The Lawyer Global Litigation Top 50 report is the only ranking of international law firms by litigation and arbitration revenue and is essential reading for anyone seeking to benchmark their litigation and dispute resolution practices...
This year, The Lawyer’s annual ranking of the largest UK law firms by turnover is available as an interactive, digital benchmarking tool. For the first time this will allow you to manipulate each data set against the metrics of your choice.
The World Trade Organisation looks set to launch an investigation into the right of lawyers to practise freely across national borders.
A spokesman from the WTO working party on professional services, which is currently examining the liberalisation of the provision of accountancy services, said plans to look at lawyers were likely to be unveiled during a meeting in Singapore next month.
International lawyers have been lobbying officials from the working party to address cross-border establishment in time for the conference. The Bar Council made the issue the focus of its September meeting.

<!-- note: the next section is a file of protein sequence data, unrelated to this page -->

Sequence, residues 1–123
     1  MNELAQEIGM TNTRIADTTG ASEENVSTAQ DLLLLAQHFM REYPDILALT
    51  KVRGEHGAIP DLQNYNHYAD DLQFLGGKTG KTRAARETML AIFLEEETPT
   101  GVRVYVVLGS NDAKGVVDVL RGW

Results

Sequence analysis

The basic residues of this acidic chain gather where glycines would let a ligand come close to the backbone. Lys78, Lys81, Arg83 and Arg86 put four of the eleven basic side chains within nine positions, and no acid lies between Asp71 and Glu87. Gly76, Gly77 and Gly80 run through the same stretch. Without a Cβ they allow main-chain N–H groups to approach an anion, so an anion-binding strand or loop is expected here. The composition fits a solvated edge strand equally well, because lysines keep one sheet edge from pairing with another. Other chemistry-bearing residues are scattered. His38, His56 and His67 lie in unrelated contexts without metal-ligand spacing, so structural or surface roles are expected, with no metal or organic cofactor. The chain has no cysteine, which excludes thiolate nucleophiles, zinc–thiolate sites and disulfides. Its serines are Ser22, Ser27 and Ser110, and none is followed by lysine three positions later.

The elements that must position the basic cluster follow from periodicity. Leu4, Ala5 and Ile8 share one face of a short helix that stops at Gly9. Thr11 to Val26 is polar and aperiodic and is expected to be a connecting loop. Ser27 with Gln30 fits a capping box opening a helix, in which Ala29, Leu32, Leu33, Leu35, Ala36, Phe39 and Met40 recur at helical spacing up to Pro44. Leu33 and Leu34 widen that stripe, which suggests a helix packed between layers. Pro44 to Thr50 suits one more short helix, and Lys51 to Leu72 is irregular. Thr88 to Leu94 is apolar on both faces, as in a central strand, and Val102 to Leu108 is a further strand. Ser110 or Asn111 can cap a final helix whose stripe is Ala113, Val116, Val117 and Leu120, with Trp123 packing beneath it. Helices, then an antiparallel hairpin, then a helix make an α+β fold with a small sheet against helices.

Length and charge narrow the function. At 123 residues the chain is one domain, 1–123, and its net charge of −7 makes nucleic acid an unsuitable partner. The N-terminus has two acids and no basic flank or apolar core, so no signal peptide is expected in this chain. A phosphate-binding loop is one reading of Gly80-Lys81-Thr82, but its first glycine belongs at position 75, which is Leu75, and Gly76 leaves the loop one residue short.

Peter Goldsmith, chair of the Bar Council's international committee, said: "Every profession thinks it is special and that special rules must be applied to it. We must prove that lawyers merit a special regime and show that we can safeguard quality whilst preventing unnecessary barriers."
Last week representatives from the International Bar Association went to Geneva to meet with officials from the WTO. The IBA has been canvassing the opinions of its members and is expected to publish guidelines on the standardisation of practices among member organisations.
Newly-elected IBA president Desmond Fernando PC said: "The investigations currently taking place within the World Trade Organisation will have a profound and permanent effect on the future of global legal practice. They will affect our profession in the years to come, and it is essential that our voice is heard and our opinions are considered."
The WTO, the successor to the General Agreement on Tariffs and Trade, will hold a general meeting for ministers from 125 member states and 30 non-member states from 9 to 13 December.
Trevor Brown, a member of the Law Society's international committee, said: "Radical and searching questions must be asked about how far we can advance in liberalising the profession without affecting the professional practice rules of each country."